What is the UN Security Council?
The security council is a body of the United Nations responsible for international security and peacekeeping. The body settles disputes and identifies unwanted threats and aggressions against member States.
There are 15 Members as a part of the council. They are obligated to abide by the decisions made by the Security Council. Out of these, there are five permanent and ten non-permanent members, India being a part of the newly elected non-permanent contingent.
India is currently serving as President of the UNSC for August and is expected to do so again in 2022. They succeed France who previously presided in July this year. The order of Presidency succession is decided alphabetically. Each member gets a fair chance to preside over the peacekeeping body.
Prime Minister Narendra Modi will be the first Indian PM to chair a meeting of the UNSC.
India in UNSC
India has joined the UNSC for the eighth time as a non-permanent member, serving a term of two years. The last time India was on the council as a member was in the year 2011-12, during the Middle East Crisis.
In the August meetings this year, the primary concern is said to be that of the coronavirus pandemic and its impact on the economy and mortality. India also aims to bid for a permanent seat on the UNSC and hence a high level of involvement is expected.
India plays an important role in the UNSC as it along with other members of the G-4 (Brazil, Japan, and Germany) are insisting on an expansion in permanent membership for countries. They want the permanent seats to be offered to countries other than the current five that hold the veto power, giving India a chance to display its potential at a global level.
India has previously chaired the counter-terrorism committee at the UNSC and introduced the concept of ‘zero tolerance’ for terrorism globally. They also successfully establish the Financial Action Taskforce (FATF).
This time around, India aims at improving maritime security and peacekeeping while returning to the counter-terrorism policies establish worldwide.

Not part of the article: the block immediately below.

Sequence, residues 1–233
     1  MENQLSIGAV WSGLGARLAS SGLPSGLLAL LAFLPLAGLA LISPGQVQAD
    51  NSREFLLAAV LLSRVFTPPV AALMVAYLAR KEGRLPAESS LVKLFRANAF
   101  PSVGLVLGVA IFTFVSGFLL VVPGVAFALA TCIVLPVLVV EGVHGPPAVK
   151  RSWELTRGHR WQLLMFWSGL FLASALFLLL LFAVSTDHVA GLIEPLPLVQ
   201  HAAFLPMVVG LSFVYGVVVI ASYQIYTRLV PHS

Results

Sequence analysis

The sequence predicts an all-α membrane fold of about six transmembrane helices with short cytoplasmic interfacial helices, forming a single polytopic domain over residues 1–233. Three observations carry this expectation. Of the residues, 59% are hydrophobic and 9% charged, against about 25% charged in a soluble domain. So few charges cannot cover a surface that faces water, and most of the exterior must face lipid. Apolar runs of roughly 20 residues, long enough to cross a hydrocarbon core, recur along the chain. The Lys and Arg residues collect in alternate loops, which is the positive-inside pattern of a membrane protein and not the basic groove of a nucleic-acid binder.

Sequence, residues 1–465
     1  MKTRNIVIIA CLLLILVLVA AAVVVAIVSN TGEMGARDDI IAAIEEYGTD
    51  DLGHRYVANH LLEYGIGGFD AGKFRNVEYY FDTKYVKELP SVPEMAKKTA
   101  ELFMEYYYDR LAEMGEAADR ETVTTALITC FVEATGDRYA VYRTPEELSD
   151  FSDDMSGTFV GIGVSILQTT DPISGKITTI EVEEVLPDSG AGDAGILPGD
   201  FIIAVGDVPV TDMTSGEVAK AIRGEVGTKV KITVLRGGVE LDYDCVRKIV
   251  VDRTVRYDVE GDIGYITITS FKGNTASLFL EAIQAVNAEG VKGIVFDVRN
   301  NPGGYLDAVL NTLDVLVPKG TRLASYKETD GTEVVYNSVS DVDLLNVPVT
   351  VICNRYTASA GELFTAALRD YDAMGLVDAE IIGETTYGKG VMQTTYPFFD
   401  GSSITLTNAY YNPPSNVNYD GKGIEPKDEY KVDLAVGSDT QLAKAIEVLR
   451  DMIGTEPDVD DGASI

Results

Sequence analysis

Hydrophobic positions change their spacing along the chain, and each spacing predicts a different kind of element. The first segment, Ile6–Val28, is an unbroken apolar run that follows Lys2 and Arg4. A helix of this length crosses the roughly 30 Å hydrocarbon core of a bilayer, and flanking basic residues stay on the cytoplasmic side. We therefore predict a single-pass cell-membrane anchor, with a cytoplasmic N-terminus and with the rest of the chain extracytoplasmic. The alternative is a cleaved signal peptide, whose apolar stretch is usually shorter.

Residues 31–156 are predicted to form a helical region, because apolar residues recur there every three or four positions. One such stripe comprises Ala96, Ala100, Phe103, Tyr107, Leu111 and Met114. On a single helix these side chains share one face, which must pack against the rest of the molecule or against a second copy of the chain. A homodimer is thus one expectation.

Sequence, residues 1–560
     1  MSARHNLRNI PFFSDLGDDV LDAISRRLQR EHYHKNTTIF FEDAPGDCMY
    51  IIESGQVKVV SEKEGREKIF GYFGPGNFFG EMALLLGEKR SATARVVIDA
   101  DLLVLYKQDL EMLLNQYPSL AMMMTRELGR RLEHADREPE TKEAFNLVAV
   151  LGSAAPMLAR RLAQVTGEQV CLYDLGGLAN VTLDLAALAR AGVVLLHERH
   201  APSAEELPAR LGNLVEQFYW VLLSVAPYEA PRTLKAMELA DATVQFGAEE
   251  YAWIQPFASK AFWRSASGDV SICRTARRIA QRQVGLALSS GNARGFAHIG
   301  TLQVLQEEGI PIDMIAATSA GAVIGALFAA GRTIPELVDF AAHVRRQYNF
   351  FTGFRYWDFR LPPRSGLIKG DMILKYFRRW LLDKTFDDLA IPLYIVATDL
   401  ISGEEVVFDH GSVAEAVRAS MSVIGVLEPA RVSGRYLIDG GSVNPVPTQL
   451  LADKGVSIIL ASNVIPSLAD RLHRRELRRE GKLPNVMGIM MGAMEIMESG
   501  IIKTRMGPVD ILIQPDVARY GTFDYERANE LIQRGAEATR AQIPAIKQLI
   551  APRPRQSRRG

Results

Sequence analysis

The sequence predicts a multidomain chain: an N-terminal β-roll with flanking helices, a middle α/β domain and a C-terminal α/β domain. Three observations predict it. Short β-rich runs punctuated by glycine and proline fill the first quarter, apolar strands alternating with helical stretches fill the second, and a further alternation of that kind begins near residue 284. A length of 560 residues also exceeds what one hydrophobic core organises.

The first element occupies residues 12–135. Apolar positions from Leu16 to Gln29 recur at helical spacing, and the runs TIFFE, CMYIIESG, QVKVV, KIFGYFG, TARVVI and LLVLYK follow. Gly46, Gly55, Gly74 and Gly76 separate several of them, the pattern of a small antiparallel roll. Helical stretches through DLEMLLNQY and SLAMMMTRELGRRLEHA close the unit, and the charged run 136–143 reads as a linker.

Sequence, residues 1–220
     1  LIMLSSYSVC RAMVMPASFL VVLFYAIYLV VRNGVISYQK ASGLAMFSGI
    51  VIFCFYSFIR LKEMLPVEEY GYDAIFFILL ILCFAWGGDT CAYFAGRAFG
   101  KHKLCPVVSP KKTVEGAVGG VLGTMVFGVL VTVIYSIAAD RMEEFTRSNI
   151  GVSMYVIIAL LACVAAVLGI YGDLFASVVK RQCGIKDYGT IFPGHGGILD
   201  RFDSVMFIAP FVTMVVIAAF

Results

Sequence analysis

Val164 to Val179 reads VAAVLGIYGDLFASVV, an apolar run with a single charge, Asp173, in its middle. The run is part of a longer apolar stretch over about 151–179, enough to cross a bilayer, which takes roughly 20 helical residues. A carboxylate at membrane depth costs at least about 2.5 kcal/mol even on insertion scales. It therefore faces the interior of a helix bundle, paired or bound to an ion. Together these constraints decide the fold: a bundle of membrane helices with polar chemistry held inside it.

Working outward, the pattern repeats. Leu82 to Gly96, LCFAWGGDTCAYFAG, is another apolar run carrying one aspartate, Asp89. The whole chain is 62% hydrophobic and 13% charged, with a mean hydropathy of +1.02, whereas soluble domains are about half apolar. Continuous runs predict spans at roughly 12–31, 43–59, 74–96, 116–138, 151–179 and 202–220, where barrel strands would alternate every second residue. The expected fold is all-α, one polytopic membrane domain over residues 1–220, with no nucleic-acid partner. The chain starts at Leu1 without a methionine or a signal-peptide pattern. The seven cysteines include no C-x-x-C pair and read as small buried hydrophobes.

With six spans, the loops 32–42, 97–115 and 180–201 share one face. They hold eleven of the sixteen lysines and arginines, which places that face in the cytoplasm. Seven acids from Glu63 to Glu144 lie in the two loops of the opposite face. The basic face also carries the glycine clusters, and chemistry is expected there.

India’s efforts as President in August 2021
India is expected to organise three high-level meetings for the three topics that they have decided to focus on (maritime security, peacekeeping, and counterterrorism). A traditional breakfast of PRs was held by India’s Permanent Representative to the UN, T S Tirumurti. Along with the normal breakfast, Tirumurti put a display of Indian grains with items exquisitely prepared with those ingredients. A treat of Alphonso mangoes was also included in the breakfast. Tirumurti also presided over all meetings of the UNSC on day one.
Prime Minister Narendra Modi will chair a meeting of the UN Council virtually, while external affairs minister, Jaishankar will chair the meetings in person.
S Jaishankar expressed opinions on the opportunity to preside over the UNSC for August via his Tweet, saying that India looks forward to taking over the Presidency of the Global Organisation for the month.
As we take over UNSC Presidency for August, look forward to working productively with other members.
India will always be a voice of moderation, an advocate of dialogue and a proponent of international law. pic.twitter.com/kPRGnFOz87
— Dr. S. Jaishankar (@DrSJaishankar) August 1, 2021
Indian PR Tirumurti also thanked their predecessor France and announced the takeover via his Tweets while expressing his elation on the occasion.
— PR/Amb T S Tirumurti (@ambtstirumurti) August 1, 2021
India began their eighth term on January 1 this year. This non-permanent arrangement will span for two years, giving the possibility of another Presidency in late 2022. India has been grateful for its turn in chairing the UNSC and hopes to make decisions and resolutions that will be beneficial to the Indian Foreign Policy and countries around the Globe.